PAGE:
1 star/heart/whatever: Do I really have to give it anything? Pretty much a zero.
2 whatevers: Meh.
3 whatevers: Okay, you're on to something here
4 whatevers: I like it. I'd tell my friends it was worth the read
5 whatevers: I am buying this book because even though there's already too many books and not enough time, I will want to read this again.
My "five whatevers" book of the week? Openly Straight, by Bill Konigsburg. Straight or gay, I wish all my friends, enemies, and frenemies would read this book. Protagonist Rafe has been out since 8th grade. He lives a life free from discrimination in Boulder, CO, and gives tolerance speeches at schools. But what he really wants is to be a regular guy, not that gay guy. Why does his sexual orientation have to be his headline?
Rafe transfers to an all-boys boarding school across the country and makes the decision to be, well, openly straight. He's not going to hook up with any girls, but he wants to know what it's like to have people see him first and not gay first. You can probably guess what happens to Rafe at his all-boys school, of course once he's pretending to be straight he'll finally find the perfect guy to be his boyfriend. But Rafe's journey opens up so many questions about how we let labels define both ourselves and others. Albie, Toby, and Ben are wonderfully developed secondary characters and I want to take a class with Mr. Scarborough, Rafe's writing teacher, who pushes Rafe to take his writing above and beyond.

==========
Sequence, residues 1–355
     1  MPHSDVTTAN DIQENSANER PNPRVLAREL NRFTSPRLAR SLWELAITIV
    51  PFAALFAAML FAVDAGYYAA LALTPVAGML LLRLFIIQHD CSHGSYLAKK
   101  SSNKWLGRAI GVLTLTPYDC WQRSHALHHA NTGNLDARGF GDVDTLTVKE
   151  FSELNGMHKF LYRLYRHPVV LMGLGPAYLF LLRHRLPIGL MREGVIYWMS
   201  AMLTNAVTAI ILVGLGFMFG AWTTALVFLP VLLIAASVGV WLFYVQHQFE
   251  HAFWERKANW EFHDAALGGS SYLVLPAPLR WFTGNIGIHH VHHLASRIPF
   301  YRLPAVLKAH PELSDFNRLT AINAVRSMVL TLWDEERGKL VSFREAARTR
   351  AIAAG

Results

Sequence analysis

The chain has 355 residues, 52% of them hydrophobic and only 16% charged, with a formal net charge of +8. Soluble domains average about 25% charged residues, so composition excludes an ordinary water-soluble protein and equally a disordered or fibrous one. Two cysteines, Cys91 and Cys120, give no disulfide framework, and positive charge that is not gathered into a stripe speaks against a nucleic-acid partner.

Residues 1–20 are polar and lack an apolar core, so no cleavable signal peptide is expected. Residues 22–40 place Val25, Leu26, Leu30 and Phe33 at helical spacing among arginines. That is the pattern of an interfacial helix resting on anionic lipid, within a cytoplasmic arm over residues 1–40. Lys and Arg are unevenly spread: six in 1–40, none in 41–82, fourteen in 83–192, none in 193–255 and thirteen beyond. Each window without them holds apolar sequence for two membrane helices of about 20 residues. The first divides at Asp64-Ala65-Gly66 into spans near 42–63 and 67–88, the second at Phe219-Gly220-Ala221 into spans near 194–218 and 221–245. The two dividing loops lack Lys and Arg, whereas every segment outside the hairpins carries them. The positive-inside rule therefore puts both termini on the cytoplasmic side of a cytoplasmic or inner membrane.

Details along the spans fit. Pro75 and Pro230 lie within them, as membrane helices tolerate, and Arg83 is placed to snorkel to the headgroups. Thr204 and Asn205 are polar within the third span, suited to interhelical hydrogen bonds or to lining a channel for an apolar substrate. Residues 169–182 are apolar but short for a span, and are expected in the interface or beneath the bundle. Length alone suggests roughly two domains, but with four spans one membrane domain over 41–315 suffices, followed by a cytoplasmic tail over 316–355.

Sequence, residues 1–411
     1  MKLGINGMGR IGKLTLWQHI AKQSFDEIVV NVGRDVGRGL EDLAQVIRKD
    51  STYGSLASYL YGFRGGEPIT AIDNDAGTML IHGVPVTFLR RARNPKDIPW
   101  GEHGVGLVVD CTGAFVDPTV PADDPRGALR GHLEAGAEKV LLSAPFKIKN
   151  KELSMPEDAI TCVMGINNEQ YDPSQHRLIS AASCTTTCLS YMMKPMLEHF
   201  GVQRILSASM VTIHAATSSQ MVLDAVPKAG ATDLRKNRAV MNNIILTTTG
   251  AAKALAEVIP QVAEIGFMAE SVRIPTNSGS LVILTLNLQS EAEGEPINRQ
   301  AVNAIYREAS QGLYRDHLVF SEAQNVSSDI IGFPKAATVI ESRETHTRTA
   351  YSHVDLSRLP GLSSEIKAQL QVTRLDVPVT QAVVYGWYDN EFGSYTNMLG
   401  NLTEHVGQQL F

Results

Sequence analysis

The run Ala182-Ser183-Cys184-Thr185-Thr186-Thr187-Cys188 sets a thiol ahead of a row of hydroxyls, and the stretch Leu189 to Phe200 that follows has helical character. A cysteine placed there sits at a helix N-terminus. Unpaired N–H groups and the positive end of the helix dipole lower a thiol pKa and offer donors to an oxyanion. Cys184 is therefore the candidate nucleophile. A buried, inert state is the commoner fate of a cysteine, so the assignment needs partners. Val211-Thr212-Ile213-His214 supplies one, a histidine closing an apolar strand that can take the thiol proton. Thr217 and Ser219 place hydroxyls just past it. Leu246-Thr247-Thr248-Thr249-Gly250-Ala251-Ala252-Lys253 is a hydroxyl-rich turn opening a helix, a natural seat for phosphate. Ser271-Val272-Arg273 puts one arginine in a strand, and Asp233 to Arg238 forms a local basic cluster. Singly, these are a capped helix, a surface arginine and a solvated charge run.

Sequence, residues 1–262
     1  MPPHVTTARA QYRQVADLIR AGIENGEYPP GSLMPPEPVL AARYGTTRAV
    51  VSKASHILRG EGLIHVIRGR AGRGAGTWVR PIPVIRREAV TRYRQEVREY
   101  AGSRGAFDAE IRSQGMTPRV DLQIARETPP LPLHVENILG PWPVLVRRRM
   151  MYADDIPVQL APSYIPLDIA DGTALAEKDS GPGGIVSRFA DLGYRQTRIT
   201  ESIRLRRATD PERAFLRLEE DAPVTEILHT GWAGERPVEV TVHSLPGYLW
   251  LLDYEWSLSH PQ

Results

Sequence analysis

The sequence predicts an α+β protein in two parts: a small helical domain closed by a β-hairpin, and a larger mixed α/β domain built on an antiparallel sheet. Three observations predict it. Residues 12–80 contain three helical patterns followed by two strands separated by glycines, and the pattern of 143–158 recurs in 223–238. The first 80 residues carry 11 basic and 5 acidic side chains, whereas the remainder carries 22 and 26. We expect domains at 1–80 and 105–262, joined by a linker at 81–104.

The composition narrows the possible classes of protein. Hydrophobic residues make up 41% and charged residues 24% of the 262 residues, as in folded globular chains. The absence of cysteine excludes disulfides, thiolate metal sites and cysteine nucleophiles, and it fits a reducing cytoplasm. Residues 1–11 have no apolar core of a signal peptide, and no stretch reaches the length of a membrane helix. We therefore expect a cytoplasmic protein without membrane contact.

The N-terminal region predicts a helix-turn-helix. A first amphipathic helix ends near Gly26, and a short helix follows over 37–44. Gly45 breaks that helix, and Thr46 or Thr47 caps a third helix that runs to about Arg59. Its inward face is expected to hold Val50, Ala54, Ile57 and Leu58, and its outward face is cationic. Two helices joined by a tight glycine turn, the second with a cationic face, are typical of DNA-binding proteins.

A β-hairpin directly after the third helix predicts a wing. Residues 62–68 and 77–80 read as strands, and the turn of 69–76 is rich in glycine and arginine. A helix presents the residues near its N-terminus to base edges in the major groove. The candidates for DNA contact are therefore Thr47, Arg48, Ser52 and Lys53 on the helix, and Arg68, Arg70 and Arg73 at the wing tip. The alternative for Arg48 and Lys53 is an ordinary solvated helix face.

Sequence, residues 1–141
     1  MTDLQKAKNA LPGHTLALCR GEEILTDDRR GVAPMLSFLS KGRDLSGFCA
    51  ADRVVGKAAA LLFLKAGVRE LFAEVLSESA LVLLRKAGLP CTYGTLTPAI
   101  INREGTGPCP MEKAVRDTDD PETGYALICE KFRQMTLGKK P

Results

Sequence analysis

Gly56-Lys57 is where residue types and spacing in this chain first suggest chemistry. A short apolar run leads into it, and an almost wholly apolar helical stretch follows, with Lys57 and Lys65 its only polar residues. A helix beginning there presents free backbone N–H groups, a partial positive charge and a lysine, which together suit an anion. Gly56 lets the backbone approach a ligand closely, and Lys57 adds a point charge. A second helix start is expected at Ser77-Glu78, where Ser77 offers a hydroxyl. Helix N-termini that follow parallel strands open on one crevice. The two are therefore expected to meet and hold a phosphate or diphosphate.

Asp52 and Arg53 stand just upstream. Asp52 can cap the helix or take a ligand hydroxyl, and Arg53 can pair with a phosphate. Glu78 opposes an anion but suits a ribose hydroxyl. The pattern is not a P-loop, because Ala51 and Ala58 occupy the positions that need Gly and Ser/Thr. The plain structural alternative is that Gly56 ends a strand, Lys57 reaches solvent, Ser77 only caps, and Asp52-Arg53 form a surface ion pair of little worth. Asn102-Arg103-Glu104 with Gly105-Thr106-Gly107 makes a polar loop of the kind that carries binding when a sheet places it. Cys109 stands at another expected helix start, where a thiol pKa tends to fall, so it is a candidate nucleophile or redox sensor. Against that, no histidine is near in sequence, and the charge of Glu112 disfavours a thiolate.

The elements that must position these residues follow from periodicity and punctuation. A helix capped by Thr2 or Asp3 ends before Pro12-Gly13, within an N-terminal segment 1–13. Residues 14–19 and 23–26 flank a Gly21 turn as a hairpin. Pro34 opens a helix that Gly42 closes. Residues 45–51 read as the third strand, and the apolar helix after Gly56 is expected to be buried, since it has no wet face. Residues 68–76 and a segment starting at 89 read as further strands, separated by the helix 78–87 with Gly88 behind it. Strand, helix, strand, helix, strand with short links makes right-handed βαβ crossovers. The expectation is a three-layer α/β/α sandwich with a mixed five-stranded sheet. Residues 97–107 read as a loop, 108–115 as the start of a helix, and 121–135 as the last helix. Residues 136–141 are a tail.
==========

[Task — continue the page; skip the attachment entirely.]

Here's an excerpt:
"...[T]he fact that there was this party and everyone other than my grandmother was pretending that something wasn't true about me made me feel slimy, like I needed to take a long shower. While everyone else was talking, I wandered back over to the tofu pig. It looked real, unless you got up close to it. Then you could see: It was very much not. Up close, you could see how the artist molded the tofu, and the places were there were cracks in the pigskin. You could even see the finger indentations where he'd tried to massage the tofu flat. It was like when you approach a woman whom you think is beautiful and you see the caked-on blush and mascara, and you realize what you are seeing isn't her; it's her vanity. You're seeing her attempt at beauty and it's the opposite of beauty that you're looking at." (Konigsburg 236).
This book is humorous and real - don't miss the trip. Happy reading!